After tearing myself away from The Moomins (yes Moomin-mania has struck) I have finally looked at the Baba Yaga editions I believe are worthy of mention.
Like many traditional folktale’s there are lots of editions available and I’ve found two I want to recommend.
The first is illustrated by Lydian Green.
This book is probably suited for ages 4 and above and be sure to read it with your child as some of the themes can present themselves as threatening and scary. What I like about this book is it is written in verse and therefore flows well as a tale and the format allows the children to focus on rhythm rather than anything they might deem scary.
This Russian/Slavic folktale seems to have many origins- don’t they all? Don’t get me started on Cinderella. In translation ‘baba’ means old, grandmother and this translation might pertain as to why some interpretations suggest the witch to be a symbol of wisdom and in one case; offering kind words. Yaga has many translations but most frequently we can see it to mean pain, lazy. The oxymoron of her name and indeed her character is an indicator that children might see some level of good in the witch character and not feel so threatened by her.
Of course in Lydian Green’s illustrations ‘baba yaga’ assumes the role of the nasty witch with great intensity as she roams around on her big broomstick with a disfigured face and ghastly teeth and we are reassured by the knowledge that in a traditional folktale, more often than not good reigns over evil. This is why we look to folk and fairy tales for such guiding and educational purposes.
The second edition up for review is from a favourite of many – Arthur Ransome; the collection ‘Old Peter’s Russian Tales’
There are different editions of this available, the picture I’ve used is of the hardback edition, the paperback of the same cover seems to be out of print. I believe with anthologies like this, it’s nice to have a hard copy which will last the countless bedtime readings over the years. If however you do want a paperback edition, have a search online and there are a few editions available.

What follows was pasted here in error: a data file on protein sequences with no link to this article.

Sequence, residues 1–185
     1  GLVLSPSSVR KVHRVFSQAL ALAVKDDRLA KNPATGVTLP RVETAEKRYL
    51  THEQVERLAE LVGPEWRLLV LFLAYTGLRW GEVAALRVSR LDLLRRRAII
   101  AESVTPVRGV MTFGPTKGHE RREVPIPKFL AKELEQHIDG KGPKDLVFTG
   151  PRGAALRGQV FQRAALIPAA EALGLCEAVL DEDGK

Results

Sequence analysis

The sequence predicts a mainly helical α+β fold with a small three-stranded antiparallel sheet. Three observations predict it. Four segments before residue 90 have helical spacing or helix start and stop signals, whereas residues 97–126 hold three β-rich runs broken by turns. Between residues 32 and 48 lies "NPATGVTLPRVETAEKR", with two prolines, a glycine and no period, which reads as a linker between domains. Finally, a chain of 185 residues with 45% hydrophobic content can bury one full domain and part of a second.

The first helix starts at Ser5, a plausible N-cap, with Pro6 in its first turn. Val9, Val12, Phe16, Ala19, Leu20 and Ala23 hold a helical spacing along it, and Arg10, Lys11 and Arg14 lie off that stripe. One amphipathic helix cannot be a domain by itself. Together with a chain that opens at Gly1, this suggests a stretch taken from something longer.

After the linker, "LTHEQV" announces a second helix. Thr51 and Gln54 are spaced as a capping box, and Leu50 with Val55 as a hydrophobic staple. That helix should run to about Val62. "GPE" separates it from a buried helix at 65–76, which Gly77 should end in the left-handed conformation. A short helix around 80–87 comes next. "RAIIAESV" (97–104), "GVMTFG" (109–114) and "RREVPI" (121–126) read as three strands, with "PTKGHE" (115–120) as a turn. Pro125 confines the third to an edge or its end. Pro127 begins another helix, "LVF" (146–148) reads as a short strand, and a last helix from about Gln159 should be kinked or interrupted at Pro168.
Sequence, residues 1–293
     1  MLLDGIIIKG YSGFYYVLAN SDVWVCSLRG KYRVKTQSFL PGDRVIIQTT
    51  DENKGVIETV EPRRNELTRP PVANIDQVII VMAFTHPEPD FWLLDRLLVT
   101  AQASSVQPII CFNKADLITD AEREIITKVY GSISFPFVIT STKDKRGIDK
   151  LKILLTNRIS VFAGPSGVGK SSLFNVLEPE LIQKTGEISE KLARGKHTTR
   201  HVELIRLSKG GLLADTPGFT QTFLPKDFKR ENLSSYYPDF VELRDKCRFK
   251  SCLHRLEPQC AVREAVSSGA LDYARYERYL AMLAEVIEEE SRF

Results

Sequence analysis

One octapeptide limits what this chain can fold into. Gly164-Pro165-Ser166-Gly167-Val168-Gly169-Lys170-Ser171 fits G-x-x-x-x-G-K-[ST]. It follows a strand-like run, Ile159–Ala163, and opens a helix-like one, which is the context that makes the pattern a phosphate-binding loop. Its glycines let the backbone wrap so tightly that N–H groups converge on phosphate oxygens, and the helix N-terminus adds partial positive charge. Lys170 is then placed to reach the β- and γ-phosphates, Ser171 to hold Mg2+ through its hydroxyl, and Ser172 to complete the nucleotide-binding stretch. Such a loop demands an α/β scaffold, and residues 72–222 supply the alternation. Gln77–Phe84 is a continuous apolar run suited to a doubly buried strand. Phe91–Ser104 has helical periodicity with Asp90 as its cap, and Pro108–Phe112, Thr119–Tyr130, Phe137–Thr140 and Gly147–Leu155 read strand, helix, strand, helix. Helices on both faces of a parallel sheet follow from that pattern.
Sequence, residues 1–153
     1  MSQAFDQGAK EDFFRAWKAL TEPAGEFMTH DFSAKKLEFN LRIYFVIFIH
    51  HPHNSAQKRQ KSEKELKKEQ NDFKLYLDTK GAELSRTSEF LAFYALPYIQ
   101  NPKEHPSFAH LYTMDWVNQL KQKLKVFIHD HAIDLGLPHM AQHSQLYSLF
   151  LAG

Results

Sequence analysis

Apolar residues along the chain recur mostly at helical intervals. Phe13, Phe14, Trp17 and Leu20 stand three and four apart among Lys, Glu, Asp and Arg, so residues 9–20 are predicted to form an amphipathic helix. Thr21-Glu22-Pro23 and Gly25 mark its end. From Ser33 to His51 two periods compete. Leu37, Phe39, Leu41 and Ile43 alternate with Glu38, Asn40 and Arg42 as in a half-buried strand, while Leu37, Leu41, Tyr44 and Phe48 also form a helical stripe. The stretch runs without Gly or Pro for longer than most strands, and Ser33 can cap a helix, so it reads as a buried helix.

Just read this synopsis from the book: This is a book written far away in Russia, for English children who play in deep lanes with wild roses above them in the high hedges, or by the small singing becks that dance down the gray fells at home. Russian fairyland is quite different. Under my windows the wavelets of the Volkhov (which has its part in one of the stories) are beating quietly in the dusk. A gold light burns on a timber raft floating down the river. Beyond the river in the blue midsummer twilight are the broad Russian plain and the distant forest. Somewhere in that forest of great trees–a forest so big that the forests of England are little woods beside it–is the hut where old Peter sits at night and tells these stories to his grandchildren. I don’t think I need to say anything. Pure fantasy and escapism at its best, with just wonderful illustrations.
Quick note that I would recommend this edition of ‘Baba Yaga’ and the other tales in it to the 9-12 age group as the themes are more adult and there is not always a ‘happily ever after’. Wonderful and learned all the same.